For every massive corporation, there’s a former small business that was operating out of someone’s garage. So what’s the difference between these success stories and their less fortunate competitors? In many cases, the startups best positioned to do well are those that can secure reliable access to funding.
The good news is that there’s no shortage of possible funding sources for your small business. In this article, we’ll discuss 6 different ways that you can fund your business in 2020 and beyond.
1. Personal connections
Unsurprisingly, one of the strongest sources of funds for startups is the owner’s personal network. Your close relationships are often the easiest to pitch to, since they already have a positive opinion of you and they’re more likely to be familiar with your business plan and work ethic.
According to a study by Bank of America, 38 percent of small business owners say they’ve received financial gifts and/or loans from their friends and family. 76 percent, meanwhile, say they’ve invested some or all of their personal savings into the business.
If you have a catchy, high-concept business plan that’s likely to go viral, or that fills a real gap in the market, another option is to crowdfund your startup on platforms such as Kickstarter and GoFundMe.
To do so, you’ll need to know how to set your project up for success: for example, setting a realistic funding goal and coming up with good reward tiers. In addition, you’ll also need to be skilled at self-promotion through strong copywriting and video marketing (Having a large social network helps too).
3. SBA loans
Beyond your personal and social networks, the next sensible place to turn is a small business loan. The U.S. Small Business Administration (SBA), which offers support and advice to the country’s small businesses, offers an SBA loan program for viable startups.
The SBA acts as an intermediary between lenders and your business, helping you secure access to capital more easily. SBA 7(a) loans have low interest rates, which makes them an attractive prospect for businesses looking to hire more employees or expand into a new location.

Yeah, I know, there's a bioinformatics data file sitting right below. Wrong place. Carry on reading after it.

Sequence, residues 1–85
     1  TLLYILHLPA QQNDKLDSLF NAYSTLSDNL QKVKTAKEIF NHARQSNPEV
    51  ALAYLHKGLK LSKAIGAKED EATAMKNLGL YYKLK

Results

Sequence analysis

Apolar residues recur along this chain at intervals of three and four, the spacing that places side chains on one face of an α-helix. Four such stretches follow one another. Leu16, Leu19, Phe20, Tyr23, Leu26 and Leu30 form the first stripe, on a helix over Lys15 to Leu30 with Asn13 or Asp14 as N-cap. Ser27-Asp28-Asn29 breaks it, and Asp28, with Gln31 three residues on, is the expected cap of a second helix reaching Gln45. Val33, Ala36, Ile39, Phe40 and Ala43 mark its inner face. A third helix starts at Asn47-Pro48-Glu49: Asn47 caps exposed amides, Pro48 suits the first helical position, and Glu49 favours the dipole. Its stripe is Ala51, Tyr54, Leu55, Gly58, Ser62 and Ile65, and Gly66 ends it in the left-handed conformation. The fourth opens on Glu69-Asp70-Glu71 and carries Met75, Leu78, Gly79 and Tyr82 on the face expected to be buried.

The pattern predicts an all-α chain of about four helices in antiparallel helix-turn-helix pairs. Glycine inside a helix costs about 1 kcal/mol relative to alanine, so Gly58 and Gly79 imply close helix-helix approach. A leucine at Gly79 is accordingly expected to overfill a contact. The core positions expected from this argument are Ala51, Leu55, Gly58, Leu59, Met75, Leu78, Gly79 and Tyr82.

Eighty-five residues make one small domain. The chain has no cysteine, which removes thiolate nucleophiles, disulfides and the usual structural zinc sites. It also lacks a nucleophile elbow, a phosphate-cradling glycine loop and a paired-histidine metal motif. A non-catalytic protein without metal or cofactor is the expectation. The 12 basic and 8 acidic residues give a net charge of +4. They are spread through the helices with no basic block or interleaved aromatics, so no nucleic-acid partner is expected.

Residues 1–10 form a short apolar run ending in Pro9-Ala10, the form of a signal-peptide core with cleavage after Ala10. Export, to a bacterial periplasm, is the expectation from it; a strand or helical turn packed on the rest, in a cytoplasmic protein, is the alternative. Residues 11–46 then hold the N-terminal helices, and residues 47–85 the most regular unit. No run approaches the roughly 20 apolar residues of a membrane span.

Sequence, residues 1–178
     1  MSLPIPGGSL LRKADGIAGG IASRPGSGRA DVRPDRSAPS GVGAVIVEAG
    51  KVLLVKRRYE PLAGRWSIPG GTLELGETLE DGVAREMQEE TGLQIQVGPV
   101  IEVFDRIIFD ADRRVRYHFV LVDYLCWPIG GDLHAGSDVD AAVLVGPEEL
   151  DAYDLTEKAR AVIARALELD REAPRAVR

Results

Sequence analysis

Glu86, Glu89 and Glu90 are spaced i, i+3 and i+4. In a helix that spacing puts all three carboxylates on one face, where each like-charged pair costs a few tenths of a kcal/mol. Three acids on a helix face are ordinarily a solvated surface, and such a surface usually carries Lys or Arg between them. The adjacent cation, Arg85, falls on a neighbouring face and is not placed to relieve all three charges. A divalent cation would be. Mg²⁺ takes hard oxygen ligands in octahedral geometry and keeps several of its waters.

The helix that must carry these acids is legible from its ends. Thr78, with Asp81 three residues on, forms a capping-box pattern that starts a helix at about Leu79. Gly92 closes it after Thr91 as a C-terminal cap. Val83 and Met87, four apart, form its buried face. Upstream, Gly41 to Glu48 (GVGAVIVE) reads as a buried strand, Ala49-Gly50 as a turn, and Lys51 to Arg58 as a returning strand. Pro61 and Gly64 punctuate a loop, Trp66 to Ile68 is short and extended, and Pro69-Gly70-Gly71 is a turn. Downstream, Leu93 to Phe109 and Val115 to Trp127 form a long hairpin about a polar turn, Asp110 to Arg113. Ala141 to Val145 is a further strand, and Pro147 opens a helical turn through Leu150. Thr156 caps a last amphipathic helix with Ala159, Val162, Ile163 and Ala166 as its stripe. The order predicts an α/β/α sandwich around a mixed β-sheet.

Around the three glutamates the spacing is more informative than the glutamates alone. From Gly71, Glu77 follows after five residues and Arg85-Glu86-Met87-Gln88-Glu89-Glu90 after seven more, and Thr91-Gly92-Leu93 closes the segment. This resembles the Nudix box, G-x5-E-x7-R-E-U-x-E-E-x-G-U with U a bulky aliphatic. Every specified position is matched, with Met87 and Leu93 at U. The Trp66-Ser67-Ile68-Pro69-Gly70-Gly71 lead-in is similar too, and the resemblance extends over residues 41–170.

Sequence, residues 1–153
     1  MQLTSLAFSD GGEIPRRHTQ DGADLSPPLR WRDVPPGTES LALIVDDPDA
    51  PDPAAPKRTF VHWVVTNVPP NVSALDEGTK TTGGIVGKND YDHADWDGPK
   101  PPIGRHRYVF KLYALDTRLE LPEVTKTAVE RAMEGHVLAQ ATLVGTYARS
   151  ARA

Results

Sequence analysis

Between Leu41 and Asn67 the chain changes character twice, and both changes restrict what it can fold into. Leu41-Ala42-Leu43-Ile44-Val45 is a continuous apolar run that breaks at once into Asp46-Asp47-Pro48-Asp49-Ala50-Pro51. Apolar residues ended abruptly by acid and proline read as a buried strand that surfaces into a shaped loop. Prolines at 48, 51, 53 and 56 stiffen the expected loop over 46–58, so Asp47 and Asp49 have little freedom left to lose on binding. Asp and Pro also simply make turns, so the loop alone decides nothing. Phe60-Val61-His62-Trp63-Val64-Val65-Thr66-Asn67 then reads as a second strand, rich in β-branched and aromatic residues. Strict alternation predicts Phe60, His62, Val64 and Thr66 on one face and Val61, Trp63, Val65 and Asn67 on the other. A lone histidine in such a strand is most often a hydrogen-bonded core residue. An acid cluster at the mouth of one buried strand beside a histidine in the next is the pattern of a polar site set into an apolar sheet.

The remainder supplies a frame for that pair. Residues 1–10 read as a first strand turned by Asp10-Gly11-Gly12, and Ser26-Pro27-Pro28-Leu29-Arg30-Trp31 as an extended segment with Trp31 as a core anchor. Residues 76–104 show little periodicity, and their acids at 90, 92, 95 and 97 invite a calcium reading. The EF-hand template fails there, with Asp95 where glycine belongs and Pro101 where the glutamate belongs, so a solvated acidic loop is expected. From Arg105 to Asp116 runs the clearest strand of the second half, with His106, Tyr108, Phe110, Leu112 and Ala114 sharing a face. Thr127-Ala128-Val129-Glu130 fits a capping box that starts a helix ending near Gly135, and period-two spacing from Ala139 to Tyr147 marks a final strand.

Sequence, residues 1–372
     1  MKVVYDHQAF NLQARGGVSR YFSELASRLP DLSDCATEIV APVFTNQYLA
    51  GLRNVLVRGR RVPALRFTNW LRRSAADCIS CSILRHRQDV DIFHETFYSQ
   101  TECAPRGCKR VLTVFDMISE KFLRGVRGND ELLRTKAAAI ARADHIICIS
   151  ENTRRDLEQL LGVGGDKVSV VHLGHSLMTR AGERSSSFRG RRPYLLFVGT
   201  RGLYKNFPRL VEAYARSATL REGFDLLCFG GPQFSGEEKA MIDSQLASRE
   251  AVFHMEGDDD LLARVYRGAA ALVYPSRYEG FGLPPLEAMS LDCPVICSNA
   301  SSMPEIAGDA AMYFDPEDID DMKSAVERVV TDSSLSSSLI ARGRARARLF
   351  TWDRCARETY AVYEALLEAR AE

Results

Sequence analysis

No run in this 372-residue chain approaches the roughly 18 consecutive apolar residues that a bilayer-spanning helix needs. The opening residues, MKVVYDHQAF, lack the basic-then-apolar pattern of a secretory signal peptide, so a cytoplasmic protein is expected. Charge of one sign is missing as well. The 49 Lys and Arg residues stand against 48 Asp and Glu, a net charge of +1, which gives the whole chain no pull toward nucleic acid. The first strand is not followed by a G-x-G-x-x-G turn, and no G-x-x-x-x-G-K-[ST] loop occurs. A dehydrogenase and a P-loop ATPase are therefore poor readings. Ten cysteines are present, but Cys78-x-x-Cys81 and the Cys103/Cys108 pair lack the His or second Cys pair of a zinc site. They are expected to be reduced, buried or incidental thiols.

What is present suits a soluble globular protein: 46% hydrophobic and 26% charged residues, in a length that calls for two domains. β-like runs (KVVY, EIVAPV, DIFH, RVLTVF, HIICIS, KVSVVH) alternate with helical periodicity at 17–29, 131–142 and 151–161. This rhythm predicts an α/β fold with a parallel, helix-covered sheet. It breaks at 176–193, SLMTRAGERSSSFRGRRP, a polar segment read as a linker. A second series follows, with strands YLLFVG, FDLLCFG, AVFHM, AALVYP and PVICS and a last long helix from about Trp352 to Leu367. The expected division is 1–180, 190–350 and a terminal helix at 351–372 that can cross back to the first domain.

4. Angel investors
Angel investors are individuals who are looking to make smart investments by getting in on the ground floor, exchanging capital in return for equity in the business. These people are often the next place to turn after your startup has acquired some momentum and appears like a viable prospect for investment.
Because angel investors don’t have to be repaid in the event that your business fails, they represent an appealing alternative to small business loans. Many angel investors are also experienced businesspeople themselves, and can serve as mentors to help you navigate the choppy waters ahead. The disadvantage of angel investors, however, is that you relinquish some degree of control over your business.
5. Venture capital
Venture capital is a form of private equity in which investors exchange funding for an equity stake in the business. Unlike angel investors, venture capitalists are investing other people’s money, which is held within a pool or fund. Some businesses go through multiple rounds of venture capital, from seed funding to Series A, B, and C funding and beyond.
Also unlike angel investors, who generally focus on early-stage startups, venture capital firms prefer businesses with more maturity and stability. The pros and cons of venture capital are similar to those of angel investors: you gain a risk-free source of funding, but at the cost of giving up some of the ownership of your business.
6. Initial coin offering (ICO)
Initial coin offerings (ICOs) are a novel funding method that applies the concept of an IPO to the world of cryptocurrency. Businesses who are looking to raise money sell a token or coin to investors. These sales are recorded on a “blockchain,” an immutable ledger that serves as a transparent record of previous transactions.
The idea is that these tokens, while having no intrinsic value in themselves, can be exchanged for a good or service that your business promises to the buyers. Alternatively, buyers can sell these tokens to someone else, hoping to turn a profit.
ICOs are relatively new and require in-depth technical expertise with cryptocurrencies and the blockchain, which makes them high-risk for both you and your customers. Still, ICOs can be a promising source of funding for businesses with a compelling story and an entrepreneurial spirit.